(Photo: International School for Advanced Studies of Trieste)
People of a certain age may remember Fantastic Voyage, the1966 sci-fi flick in which a miniaturized vessel must journey into a man's body to remove a blood clot so he can awaken from a coma and reveal vital Cold War intelligence. Or, if you’re from a younger generation, perhaps you recall The Magic School Bus shrinking down to a cellular level, with Ms. Frizzle taking her class on an educational journey through the digestive tract.
Either way, that kind of super-invasive anatomical exploration isn't so far from becoming a reality — for robots at least.
A new paper published in the Journal of the Mechanics and Physics of Solids investigates how so-called "soft robots" could navigate their way through our bodies. Unlike conventional mechanical devices, these robots of tomorrow would have to be as flexible as biological tissues.
“Imagine trying to miniaturize a device made up of levers and cogwheels: you can’t go below a certain minimal size,” Antonio De Simone, a co-author on the study, explained in a press release. “Instead, by mimicking biological system, we can go all the way down to cell size, and this is exactly the direction research is taking," said De Simone, a professor of structural mechanics at the International School for Advanced Studies of Trieste in Italy.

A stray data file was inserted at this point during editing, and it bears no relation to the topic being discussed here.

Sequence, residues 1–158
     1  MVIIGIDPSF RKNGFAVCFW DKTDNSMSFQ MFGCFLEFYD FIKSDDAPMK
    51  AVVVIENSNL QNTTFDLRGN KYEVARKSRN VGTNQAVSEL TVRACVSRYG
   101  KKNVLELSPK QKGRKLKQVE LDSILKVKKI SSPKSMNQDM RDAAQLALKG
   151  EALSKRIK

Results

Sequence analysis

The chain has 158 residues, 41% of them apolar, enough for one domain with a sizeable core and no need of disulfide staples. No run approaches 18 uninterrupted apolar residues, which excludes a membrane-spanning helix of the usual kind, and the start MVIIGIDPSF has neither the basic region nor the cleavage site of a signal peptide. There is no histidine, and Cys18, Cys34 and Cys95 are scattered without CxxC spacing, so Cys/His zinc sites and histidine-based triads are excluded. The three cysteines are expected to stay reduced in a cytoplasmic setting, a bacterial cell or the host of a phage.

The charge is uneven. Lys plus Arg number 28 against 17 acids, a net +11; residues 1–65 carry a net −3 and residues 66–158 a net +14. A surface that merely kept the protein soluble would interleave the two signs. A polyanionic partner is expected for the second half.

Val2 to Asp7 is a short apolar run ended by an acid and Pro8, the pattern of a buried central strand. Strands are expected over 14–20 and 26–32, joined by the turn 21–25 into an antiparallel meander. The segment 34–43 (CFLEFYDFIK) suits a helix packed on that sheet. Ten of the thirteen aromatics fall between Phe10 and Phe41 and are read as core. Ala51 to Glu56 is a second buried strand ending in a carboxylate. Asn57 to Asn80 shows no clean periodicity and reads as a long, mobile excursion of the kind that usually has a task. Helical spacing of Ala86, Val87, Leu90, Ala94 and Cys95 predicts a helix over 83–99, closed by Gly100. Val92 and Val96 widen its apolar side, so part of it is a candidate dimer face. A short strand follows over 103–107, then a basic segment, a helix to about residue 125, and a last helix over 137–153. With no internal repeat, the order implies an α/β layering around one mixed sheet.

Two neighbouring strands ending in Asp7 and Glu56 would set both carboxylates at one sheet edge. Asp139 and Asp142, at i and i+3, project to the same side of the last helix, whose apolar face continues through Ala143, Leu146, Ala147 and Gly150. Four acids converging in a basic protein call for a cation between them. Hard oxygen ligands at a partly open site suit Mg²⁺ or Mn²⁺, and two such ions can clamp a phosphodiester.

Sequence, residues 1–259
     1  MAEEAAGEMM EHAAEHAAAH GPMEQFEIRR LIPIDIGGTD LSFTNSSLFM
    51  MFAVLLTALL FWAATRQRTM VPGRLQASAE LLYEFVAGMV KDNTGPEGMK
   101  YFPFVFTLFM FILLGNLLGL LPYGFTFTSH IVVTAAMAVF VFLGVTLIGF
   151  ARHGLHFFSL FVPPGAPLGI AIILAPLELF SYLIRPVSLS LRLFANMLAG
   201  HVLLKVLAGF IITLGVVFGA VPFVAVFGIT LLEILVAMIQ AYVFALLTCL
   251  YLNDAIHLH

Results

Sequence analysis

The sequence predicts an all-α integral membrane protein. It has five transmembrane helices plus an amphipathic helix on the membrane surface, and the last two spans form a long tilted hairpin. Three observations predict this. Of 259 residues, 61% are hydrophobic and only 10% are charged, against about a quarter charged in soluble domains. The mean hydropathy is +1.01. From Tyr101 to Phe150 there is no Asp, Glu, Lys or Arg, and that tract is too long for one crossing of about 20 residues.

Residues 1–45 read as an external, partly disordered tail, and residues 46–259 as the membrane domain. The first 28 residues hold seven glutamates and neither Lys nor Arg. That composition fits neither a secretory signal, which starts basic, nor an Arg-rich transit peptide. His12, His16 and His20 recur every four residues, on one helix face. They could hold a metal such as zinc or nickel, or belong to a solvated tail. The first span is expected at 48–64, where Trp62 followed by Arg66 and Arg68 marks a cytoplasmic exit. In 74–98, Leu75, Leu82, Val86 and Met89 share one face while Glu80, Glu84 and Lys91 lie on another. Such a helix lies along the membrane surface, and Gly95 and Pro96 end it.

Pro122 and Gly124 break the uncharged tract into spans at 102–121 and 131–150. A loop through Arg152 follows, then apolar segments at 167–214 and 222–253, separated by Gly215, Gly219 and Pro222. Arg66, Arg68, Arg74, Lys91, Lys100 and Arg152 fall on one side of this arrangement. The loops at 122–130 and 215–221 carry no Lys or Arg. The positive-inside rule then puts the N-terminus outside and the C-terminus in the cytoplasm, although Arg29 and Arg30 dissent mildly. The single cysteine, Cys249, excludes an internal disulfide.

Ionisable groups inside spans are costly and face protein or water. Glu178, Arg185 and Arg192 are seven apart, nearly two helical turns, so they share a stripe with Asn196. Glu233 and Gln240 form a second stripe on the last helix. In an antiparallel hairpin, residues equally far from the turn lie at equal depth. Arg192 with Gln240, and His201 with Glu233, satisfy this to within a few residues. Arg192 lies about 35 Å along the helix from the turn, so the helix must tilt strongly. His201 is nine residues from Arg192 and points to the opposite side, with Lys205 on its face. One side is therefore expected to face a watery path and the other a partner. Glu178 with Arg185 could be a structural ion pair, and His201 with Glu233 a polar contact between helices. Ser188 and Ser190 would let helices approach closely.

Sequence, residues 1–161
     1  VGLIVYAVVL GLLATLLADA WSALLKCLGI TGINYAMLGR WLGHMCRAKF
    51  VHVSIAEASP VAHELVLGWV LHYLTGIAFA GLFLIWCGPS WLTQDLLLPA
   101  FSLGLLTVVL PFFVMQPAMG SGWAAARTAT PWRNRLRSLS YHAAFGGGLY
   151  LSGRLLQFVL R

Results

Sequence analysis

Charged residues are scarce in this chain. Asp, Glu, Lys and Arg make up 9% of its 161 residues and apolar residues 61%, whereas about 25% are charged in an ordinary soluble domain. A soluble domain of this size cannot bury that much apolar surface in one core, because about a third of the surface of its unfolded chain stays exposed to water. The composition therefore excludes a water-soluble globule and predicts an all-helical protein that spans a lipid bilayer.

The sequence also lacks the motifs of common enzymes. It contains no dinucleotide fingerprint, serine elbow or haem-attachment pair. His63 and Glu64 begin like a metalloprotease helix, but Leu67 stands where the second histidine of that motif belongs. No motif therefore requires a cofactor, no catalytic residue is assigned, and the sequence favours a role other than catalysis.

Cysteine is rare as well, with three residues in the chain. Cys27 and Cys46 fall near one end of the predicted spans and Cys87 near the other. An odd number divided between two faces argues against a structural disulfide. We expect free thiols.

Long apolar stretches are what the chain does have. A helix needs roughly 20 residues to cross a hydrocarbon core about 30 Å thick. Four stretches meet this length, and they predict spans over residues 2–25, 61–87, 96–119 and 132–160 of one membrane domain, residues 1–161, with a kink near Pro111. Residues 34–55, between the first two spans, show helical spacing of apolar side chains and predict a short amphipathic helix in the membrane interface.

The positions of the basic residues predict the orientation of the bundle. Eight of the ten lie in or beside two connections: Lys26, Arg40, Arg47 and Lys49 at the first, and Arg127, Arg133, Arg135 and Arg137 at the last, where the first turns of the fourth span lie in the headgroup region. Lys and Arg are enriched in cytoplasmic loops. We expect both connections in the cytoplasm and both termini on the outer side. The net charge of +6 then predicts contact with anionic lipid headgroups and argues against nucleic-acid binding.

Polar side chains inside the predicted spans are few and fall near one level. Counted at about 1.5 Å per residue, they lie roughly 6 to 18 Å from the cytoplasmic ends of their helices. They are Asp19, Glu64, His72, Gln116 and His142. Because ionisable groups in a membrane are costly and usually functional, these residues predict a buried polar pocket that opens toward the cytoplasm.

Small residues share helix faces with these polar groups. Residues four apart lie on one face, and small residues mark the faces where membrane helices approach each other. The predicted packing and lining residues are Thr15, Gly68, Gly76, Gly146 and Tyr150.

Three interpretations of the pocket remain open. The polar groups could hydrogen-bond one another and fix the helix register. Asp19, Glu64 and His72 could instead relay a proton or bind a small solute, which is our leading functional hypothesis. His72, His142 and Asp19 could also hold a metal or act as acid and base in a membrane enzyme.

Specifically, De Simone and his colleague Marino Arroyo are attempting to mimic euglenoids, single-celled organisms with whip-like tails that are commonly found in freshwater (they created this video simulation of euglenoid movement to understand how tiny robots could emulate them).
(Photo: Alexei Kouprianov/Wikimedia Commons)
The robots have not yet been built, but the research is being taken pretty seriously: De Simone was recently awarded a €1.3 million ($1.89 million) European Research Council Advanced Grant to explore how the efficient locomotion of unicellular organisms could advance micro-robotics.
As for the possibilities of these advancements? De Simone and Arroyo say they imagine tiny soft robots delivering drugs directly to where they’re needed in our bodies, or reopening blocked blood vessels. They could even help close wounds at a cellular level, the scientists say.
Via Science Daily